- It is used to treat gout attacks.
- It is used to prevent gout attacks.
- It is used to treat familial Mediterranean fever.
- It may be given to you for other reasons. Talk with the doctor.
- If you have an allergy to colchicine or any other part of this drug.
- If you are allergic to any drugs like this one, any other drugs, foods, or other substances. Tell your doctor about the allergy and what signs you had, like rash; hives; itching; shortness of breath; wheezing; cough; swelling of face, lips, tongue, or throat; or any other signs.
- If you have liver or kidney problems and you take certain other drugs. Very bad and sometimes deadly side effects have happened in these people. There are many drugs that can do this. Ask your doctor or pharmacist if you are not sure.
- If you have both kidney and liver disease.
- Tell all of your health care providers that you take this drug. This includes your doctors, nurses, pharmacists, and dentists.
- Avoid grapefruit and grapefruit juice.
- If you have upset stomach, throwing up, loose stools (diarrhea), or are not hungry, talk with your doctor. There may be ways to lower these side effects.
- This drug may have unsafe effects on the bone marrow. The bone marrow may not be able to make cells found in the blood as well as it used to for a few weeks. This may raise the chance of bleeding or infection. Talk with the doctor.
- Deadly overdoses have happened with this drug in adults and children. Keep away from children. Do not take more than you were told. If this drug is taken by accident, call your poison control center or get medical care right away.
- If you are 65 or older, use this drug with care. You could have more side effects.
- Tell your doctor if you are pregnant or plan on getting pregnant. You will need to talk about the benefits and risks of using this drug while you are pregnant.
- Tell your doctor if you are breast-feeding. You will need to talk about any risks to your baby.
- This drug is not approved to treat gout attacks. If you have a gout attack while taking this drug, talk with your doctor.
- Signs of an allergic reaction, like rash; hives; itching; red, swollen, blistered, or peeling skin with or without fever; wheezing; tightness in the chest or throat; trouble breathing or talking; unusual hoarseness; or swelling of the mouth, face, lips, tongue, or throat.
- Signs of infection like fever, chills, very bad sore throat, ear or sinus pain, cough, more sputum or change in color of sputum, pain with passing urine, mouth sores, or wound that will not heal.
- Numbness or tingling in the hands or feet.
- Very upset stomach or throwing up.
- Very loose stools (diarrhea).
- Very bad belly pain.
- Feeling very tired or weak.
- Any unexplained bruising or bleeding.
- Pale skin.
- Very bad muscle problems may happen with this drug. This can also lead to kidney problems. Tell your doctor if you have muscle pain or weakness, mainly if you feel very tired or weak or have a fever. Tell your doctor if you are unable to pass urine or you have a change in how much urine is passed.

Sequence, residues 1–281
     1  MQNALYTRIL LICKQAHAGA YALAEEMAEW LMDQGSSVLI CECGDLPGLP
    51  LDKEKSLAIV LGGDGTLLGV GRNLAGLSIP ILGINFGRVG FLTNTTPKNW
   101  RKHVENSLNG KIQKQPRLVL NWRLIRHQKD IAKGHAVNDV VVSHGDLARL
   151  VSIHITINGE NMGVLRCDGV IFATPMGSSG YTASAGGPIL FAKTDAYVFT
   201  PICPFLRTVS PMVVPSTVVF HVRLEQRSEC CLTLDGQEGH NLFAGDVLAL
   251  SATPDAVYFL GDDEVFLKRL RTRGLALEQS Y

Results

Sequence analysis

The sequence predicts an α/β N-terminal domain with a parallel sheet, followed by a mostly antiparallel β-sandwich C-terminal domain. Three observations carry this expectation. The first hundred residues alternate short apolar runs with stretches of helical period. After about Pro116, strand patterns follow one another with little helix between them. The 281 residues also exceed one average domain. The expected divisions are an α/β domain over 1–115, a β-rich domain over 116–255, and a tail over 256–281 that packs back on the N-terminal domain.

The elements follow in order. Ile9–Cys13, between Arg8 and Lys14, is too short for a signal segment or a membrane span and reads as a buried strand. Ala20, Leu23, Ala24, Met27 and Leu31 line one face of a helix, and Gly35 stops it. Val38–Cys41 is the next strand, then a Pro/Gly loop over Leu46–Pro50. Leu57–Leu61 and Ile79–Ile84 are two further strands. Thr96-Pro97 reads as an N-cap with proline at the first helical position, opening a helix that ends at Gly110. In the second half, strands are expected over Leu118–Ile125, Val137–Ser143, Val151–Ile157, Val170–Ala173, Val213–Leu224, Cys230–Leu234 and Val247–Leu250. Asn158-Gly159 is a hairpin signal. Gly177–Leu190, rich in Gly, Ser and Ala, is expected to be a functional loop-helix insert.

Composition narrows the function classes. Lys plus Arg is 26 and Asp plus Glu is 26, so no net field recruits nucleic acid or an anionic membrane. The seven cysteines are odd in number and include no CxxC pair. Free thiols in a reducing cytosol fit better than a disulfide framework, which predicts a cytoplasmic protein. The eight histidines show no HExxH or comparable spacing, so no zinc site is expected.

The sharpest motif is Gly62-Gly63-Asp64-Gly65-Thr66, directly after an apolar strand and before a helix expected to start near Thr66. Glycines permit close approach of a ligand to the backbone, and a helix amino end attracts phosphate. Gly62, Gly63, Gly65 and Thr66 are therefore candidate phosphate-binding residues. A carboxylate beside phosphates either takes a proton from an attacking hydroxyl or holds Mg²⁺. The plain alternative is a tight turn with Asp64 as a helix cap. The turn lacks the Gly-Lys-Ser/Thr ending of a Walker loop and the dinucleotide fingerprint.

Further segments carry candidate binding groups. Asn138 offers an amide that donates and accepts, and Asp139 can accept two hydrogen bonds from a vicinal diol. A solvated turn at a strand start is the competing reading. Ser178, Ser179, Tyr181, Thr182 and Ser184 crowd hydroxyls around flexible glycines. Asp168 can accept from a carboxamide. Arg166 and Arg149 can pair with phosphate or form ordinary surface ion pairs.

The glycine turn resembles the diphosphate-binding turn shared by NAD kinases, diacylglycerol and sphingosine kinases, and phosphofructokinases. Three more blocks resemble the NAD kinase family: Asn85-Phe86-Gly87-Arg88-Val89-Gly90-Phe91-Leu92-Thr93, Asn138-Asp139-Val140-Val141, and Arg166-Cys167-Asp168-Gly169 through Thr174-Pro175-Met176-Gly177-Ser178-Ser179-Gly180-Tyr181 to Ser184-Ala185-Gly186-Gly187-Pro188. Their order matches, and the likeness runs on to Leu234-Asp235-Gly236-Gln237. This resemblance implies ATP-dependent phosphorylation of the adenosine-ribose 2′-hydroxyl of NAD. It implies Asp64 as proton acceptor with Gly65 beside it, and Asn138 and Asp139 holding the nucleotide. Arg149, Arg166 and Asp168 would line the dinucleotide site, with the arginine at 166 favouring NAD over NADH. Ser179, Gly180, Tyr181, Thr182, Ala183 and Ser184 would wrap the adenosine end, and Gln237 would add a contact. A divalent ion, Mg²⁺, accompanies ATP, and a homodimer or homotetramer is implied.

- Belly pain.
- Loose stools (diarrhea).
- Upset stomach or throwing up.
- Keep taking this drug as you have been told by your doctor or other health care provider, even if you feel well.
- To gain the most benefit, do not miss doses.
- Take with or without food.
- Follow how to take this drug as you have been told by your doctor. Do not use more than you were told to use.
- Take a missed dose as soon as you think about it.
- If it is close to the time for your next dose, skip the missed dose and go back to your normal time.
- Do not take 2 doses at the same time or extra doses.
- To treat a gout attack, this drug is taken on an as needed basis.
- Store at room temperature.
- Protect from light.
- Store in a dry place. Do not store in a bathroom.
- Keep all drugs in a safe place. Keep all drugs out of the reach of children and pets.
- Check with your pharmacist about how to throw out unused drugs.
- If your symptoms or health problems do not get better or if they become worse, call your doctor.
- Do not share your drugs with others and do not take anyone else’s drugs.
- Keep a list of all your drugs (prescription, natural products, vitamins, OTC) with you. Give this list to your doctor.
- Talk with the doctor before starting any new drug, including prescription or OTC, natural products, or vitamins.
- Some drugs may have another patient information leaflet. If you have any questions about this drug, please talk with your doctor, nurse, pharmacist, or other health care provider.
- If you think there has been an overdose, call your poison control center or get medical care right away. Be ready to tell or show what was taken, how much, and when it happened.